And according to documents obtained by the GlobalPost, USAID allocated $1.1 billion dollars in humanitarian assistance to Haiti in fiscal year 2010 through dozens of different organizations — but not a single dollar went directly to a Haitian organization or business.
“When big international organizations like the UN get tasked with responding to an earthquake, their job and their first priority is, ‘How do I respond to this crisis immediately?’” Loxley said. “They’re trying to do this as fast as possible, and they don’t have time to try to find out who are the reliable suppliers.”
But by seeking out local businesses, verifying and certifying their work, and publishing them in an online directory, Building Markets essentially does that for them.
The NGO has facilitated $32 million in contracts between Haitian companies and buyers, and more than 500 Haitian companies have already received contracts with more than 100 international organizations. The organization’s online directory now includes 3,500 Haitian businesses, one-fourth of which are in the construction sector.
The result is more foreign aid dollars going the way of companies like Carribex, which many NGOs don’t know exist or don’t believe are reliable, often deciding it’s simply easier to stick with the American companies they know.
Brandt, the owner of Carribex, said Building Markets is forming a line of communication between businesses like his and large foreign organizations that never existed previously.
“Both parties have their negative parts,” Brandt said. “We have never gone to the NGOs to tell them ‘Here we are, this is what we’re producing in case you’re interested.’ We didn’t’ make any sales approach to them. For their part, they didn’t care to ask any government entity if there was anyone here producing a particular product.”
Sari Kaipainen, reconstruction manager for the NGO Finn Church Aid that designs and builds schools in Haiti, says often NGO procurement officers don’t approach Haitian businesses because of the assumption that foreign-produced products are of superior quality or because contracting locally can be more complicated.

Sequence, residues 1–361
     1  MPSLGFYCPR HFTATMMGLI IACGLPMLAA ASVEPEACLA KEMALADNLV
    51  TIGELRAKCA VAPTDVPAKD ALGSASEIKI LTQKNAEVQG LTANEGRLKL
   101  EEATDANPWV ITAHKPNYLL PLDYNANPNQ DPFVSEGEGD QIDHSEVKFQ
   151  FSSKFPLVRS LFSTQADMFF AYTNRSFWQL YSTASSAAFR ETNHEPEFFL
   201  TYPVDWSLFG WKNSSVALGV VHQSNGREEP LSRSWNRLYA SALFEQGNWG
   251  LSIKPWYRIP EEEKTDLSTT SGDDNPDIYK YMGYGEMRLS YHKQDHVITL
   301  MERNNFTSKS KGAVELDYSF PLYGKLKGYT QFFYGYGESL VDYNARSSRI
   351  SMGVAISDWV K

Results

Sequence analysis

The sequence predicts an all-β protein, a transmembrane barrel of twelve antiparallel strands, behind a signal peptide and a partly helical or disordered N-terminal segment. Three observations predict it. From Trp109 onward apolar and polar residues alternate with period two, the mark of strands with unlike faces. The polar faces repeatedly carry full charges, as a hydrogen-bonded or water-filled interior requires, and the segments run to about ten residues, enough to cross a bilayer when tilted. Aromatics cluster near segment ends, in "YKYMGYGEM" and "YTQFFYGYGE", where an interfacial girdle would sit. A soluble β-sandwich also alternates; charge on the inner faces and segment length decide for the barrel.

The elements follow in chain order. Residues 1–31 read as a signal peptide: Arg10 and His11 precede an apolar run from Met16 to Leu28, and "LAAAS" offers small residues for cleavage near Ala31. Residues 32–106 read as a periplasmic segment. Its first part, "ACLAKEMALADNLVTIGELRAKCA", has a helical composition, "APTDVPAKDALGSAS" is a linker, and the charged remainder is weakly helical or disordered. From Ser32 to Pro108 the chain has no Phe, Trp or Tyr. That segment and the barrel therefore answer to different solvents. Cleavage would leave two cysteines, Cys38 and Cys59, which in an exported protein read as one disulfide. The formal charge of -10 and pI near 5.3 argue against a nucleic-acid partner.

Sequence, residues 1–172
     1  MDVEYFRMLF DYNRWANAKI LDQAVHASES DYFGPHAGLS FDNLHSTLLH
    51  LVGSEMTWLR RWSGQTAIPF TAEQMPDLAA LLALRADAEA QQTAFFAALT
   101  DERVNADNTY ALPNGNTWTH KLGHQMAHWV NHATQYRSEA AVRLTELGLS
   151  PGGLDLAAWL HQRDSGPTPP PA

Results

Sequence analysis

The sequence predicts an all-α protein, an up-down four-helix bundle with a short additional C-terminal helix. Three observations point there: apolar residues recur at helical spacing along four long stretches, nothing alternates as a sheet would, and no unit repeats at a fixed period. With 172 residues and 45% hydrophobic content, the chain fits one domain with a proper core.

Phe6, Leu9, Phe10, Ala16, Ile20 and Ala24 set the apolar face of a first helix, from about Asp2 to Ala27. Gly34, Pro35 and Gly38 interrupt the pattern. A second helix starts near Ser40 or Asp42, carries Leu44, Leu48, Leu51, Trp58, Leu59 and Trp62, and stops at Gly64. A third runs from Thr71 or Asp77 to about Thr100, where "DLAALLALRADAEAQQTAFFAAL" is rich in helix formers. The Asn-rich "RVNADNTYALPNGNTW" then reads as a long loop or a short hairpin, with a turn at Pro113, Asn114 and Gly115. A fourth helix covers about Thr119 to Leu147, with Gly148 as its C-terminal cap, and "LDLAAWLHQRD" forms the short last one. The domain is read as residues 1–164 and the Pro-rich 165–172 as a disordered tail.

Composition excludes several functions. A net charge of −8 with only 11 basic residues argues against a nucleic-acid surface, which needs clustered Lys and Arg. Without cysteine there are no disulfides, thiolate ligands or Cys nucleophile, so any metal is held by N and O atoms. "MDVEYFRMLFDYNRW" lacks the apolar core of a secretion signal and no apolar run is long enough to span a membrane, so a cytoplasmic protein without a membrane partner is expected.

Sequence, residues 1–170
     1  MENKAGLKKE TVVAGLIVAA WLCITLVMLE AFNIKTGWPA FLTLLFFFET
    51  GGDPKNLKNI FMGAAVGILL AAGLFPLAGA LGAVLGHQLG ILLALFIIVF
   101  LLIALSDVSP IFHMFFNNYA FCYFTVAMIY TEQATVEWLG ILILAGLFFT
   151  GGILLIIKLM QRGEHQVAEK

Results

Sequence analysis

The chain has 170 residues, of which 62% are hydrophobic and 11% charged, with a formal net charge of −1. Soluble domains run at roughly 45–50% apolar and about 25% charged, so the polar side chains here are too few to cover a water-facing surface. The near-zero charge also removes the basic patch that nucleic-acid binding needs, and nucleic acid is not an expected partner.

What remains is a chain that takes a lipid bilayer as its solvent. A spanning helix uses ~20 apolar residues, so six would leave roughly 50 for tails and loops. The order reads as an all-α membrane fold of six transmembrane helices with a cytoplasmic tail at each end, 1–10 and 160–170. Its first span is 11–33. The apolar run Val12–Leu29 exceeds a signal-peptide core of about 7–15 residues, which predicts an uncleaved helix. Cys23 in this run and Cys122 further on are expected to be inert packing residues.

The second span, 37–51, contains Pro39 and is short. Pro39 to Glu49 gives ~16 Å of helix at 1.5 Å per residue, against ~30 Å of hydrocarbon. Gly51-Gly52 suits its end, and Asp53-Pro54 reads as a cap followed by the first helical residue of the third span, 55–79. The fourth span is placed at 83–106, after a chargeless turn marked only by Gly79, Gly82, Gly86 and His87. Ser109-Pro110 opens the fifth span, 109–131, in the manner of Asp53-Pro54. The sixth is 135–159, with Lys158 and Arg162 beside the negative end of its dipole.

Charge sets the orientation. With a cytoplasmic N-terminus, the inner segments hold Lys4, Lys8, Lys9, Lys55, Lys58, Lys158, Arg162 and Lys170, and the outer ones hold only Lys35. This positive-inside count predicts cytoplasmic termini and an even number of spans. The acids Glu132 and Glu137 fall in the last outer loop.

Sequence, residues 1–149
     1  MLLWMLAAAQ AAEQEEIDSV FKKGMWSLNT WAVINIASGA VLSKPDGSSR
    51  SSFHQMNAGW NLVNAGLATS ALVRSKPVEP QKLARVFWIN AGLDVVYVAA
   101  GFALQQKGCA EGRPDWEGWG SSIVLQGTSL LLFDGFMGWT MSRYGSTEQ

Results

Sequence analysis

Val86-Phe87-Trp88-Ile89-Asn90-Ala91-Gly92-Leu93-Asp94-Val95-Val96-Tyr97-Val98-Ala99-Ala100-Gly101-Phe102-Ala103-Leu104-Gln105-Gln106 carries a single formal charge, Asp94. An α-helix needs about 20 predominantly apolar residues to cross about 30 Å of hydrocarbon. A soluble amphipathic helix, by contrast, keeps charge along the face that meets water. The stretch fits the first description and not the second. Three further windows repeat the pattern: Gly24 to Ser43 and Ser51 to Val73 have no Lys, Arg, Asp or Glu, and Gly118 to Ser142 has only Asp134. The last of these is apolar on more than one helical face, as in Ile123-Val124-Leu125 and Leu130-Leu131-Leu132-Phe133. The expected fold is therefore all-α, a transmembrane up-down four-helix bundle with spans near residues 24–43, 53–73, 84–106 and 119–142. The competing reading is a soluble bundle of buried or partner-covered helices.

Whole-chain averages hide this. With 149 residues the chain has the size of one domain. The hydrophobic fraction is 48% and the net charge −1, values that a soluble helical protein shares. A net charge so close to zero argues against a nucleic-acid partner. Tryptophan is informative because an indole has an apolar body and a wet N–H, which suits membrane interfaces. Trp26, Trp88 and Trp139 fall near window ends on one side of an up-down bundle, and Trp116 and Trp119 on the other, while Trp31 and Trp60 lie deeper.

“Dealing with Haitian businesses, in the commercial sense it’s still a very young culture,” Kaipainen said. “Things like financing and invoicing are still very basic, and we’ve been trying to help them organize that. We’re trying to help them understand that a contract is a legal document they must abide by.”
Kaipainen says the biggest challenges are ensuring the company delivers exactly what was ordered at a reasonable price.
“Sometimes prices have no reflection on reality at all, or [local companies] think ‘because you’re a foreign NGO we can charge whatever we want.’” She says Building Markets reduces that price gouging by introducing what she calls “reasonable competition” into the market.
One of the largest obstacles to Haiti’s long-term development is the lack of jobs and its inability to produce many goods or services that can infuse wealth into its ailing economy. Studies over the past decade have estimated Haiti’s unemployment as high as 70 percent — a figure many say is kept high by Haiti’s reliance on foreign-manufactured goods.
“Not only was I giving them the soap they really needed in the timing they wanted, but also the deal would help me keep my [workers],” Brandt said.
Haiti’s government has often called on NGOs to spend more aid dollars on contracts with Haitian companies.
“We also want to encourage NGOs to simplify their procurement procedures to facilitate greater participation with local suppliers,” said Marie Pascale Theodate, member of the cabinet of Haiti’s Ministry of Commerce and Industry in an April speech commending female entrepreneurs in Building Markets’ program. “The course was clearly set at the Ministry on the need to free the country from its dependence on international assistance and boost growth through coherent public policies.”
But having nearly exhausted its three-year grant from the Canadian International Development Agency (CIDA), Building Markets communications officer David Einhorn said the organization is planning to end its Haiti operation at the end of June.
We applied for additional funding and it wasn’t available,” Einhorn said. “Thanks to CIDA we were able to facilitate a lot of local transactions in Haiti. These organizations can’t fund projects forever — we’re grateful for the support they’ve given us.”
Einhorn said Building Markets is in the process of transferring its online directory and some of its other services over to Haiti’s Ministry of Commerce and Industry, which has been collaborating closely with the organization. For months, Building Markets employees have worked at the Ministry office to help Haiti’s government make it easier for foreign organizations to contract with Haitian businesses.
“This was the original intent,” said Einhorn of the hand-over. “We’ve tried to plant a seed of this idea here, and they’ve received it very enthusiastically.”
“A lot of NGOs are pulling out of Haiti now,” he added. “We’ve helped Haiti through a difficult time and we believe that this kind of project could continue to help Haiti — the need is still there.”